Fighting death toll rises in Sudan’s western Darfur: UN News of the conflict


The United Nations says 56 people have been killed and thousands more displaced after days of tribal clashes in El Jeninia.

The United Nations says the death toll from clashes between tribes in Sudan’s western Darfur has risen to 56, with the United Nations revising the death toll.

The United Nations said on Tuesday that thousands of people were fleeing the fighting, which saw a power plant destroyed in the state capital, El Jenina, at least one rocket-propelled grenade hit a main hospital, and another collided with a UN building, the United Nations said Tuesday.

The United Nations Office for the Coordination of Humanitarian Affairs (OCHA) said in a statement that the death toll had risen to 56 and more people were being injured in clashes between Arab tribes and non-Arab ethnic groups. “

“People are fleeing to neighboring Chad,” it added.

The government declared a state of emergency in the state on Monday after three days of fighting in El Jeninia and deployed troops in western Darfur.

“April, shooting is being heard across the city,” the United Nations said. “The local power plant was destroyed last night and there is no electricity.”

The United Nations said on Monday that at least Forty people died And 58 people were injured in the clashes in El Jenina.

This is the latest bloodshed in the Darfur region since the signing of the peace agreement late last year and the withdrawal of UN peacekeepers.

El Abdina resident Mohamed Abdel Rahman told AFP on Tuesday: “It was quiet overnight but this morning we heard gunfire from the Hei al-Jabal district for about an hour.”

Another resident of Hey al-Jabal, three kilometers (1.8686 miles) away, who asked not to be named, said he also heard gunshots.

Residents and a UN internal security bulletin, shown by Reuters news agency, reported the use of heavy weapons and rocket-propelled grenades, along with pictures and videos of people rising from the smoke in the El Jenina neighborhood.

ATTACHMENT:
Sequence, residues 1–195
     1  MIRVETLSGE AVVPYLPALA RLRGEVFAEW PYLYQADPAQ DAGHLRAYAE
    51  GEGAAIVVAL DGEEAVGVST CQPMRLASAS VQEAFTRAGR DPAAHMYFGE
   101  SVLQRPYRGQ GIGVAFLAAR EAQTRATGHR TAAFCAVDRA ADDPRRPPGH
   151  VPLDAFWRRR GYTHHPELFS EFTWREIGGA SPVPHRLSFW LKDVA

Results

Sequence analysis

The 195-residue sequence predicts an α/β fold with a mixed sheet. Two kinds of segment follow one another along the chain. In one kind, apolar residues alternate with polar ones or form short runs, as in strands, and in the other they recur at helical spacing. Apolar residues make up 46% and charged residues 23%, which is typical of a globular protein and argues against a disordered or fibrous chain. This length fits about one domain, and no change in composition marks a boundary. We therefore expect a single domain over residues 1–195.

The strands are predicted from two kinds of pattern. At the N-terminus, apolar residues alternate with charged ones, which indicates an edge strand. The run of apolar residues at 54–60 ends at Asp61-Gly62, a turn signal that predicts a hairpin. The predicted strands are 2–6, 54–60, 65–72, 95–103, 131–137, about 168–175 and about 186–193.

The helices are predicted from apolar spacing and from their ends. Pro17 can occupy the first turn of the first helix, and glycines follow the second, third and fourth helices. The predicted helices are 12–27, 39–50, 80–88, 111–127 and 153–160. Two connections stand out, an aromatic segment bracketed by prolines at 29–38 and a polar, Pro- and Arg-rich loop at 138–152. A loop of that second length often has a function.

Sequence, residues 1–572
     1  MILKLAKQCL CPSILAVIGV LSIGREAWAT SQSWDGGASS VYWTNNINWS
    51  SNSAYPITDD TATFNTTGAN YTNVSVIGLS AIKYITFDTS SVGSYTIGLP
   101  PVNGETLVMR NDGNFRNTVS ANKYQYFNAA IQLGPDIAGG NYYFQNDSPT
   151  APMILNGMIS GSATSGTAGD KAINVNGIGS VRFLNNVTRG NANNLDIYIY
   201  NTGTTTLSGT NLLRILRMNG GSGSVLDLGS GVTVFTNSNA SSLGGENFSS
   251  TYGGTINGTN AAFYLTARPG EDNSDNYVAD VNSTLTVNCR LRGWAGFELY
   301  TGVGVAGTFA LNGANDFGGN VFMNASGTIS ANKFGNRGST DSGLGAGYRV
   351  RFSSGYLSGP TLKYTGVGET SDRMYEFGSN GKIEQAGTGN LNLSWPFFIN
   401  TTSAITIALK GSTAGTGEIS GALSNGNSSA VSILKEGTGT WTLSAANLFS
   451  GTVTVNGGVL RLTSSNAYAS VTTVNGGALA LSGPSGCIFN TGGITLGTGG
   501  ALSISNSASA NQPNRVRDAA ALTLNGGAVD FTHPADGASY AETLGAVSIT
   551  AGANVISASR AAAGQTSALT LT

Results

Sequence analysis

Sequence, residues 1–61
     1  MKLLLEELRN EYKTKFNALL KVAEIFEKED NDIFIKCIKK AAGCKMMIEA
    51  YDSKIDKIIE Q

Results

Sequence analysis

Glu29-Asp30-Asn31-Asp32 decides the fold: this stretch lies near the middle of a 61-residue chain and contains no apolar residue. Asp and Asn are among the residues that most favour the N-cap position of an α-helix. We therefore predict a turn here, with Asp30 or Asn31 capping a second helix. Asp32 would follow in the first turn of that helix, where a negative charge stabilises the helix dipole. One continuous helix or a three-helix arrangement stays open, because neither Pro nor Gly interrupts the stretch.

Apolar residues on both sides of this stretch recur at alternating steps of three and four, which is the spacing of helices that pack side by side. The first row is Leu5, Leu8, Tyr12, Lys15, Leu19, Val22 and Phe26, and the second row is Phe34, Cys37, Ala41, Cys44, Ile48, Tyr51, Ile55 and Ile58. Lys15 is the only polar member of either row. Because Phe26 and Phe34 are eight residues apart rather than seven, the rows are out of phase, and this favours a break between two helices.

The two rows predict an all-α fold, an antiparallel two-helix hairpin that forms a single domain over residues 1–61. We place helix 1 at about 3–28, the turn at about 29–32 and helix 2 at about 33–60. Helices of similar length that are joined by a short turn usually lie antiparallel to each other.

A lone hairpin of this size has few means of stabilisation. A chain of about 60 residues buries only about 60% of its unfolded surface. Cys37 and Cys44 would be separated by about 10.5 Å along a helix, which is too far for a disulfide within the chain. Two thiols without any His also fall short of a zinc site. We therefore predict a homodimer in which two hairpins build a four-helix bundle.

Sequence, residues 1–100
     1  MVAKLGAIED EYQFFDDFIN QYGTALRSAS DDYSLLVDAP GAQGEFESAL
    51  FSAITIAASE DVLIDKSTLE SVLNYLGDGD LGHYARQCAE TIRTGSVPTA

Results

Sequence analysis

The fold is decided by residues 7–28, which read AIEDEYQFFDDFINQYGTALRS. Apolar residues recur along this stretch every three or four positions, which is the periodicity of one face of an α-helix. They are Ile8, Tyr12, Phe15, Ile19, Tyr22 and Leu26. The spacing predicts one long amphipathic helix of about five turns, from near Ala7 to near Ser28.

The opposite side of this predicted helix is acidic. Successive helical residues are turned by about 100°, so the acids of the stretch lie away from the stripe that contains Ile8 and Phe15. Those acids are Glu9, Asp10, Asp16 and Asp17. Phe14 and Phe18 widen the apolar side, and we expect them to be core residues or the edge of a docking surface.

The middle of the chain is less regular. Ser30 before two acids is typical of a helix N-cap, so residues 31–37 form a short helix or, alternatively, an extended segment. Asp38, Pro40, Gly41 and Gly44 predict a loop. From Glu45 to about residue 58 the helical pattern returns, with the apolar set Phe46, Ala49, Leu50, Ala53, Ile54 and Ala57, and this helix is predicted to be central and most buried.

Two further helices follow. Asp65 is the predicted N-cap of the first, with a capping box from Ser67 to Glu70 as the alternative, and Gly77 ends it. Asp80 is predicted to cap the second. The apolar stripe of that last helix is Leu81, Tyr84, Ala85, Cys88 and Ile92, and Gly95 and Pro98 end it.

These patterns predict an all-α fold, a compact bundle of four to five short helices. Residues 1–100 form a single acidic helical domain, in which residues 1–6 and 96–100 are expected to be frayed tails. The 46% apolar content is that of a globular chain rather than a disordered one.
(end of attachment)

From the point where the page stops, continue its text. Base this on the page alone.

The United Nations says it has suspended air and relief operations in the city, the main humanitarian aid center – and the World Health Organization says the decision will affect up to 700,000 people.

In January, at least 129 people were killed and 108,000 displaced after a similar clash between members of the Masalit and Arab tribes in El Jeninia, just two weeks after the UN-African Union peacekeeping mission was launched.

Military reinforcements brought to the city have since been withdrawn in most cases, residents told Reuters.

There has been bloodshed in Darfur since 2003, when Omar al-Bashir’s government began fighting to help the armed militias suppress the insurgency.

Ethnic minority groups complaining of marginalization took up arms against the central government, releasing armed groups originally composed of Arab nomads.

Al-Bashir was wanted by the International Criminal Court Allegations of genocide As for the conflict, the United Nations says 300,000 people have died and more than 2.5 million have been displaced.

Al-Bashir’s iron-fisted rule was ended by the military in April 2019 after months of mass protests.

Establishing lasting peace there and elsewhere in Sudan has been one of the main challenges facing the authorities since the rise of al-Bashir in April 2019.

Sudan’s interim government in October Signing a peace treaty With a number of rebel groups, including Darfur – but few have signed the agreement.





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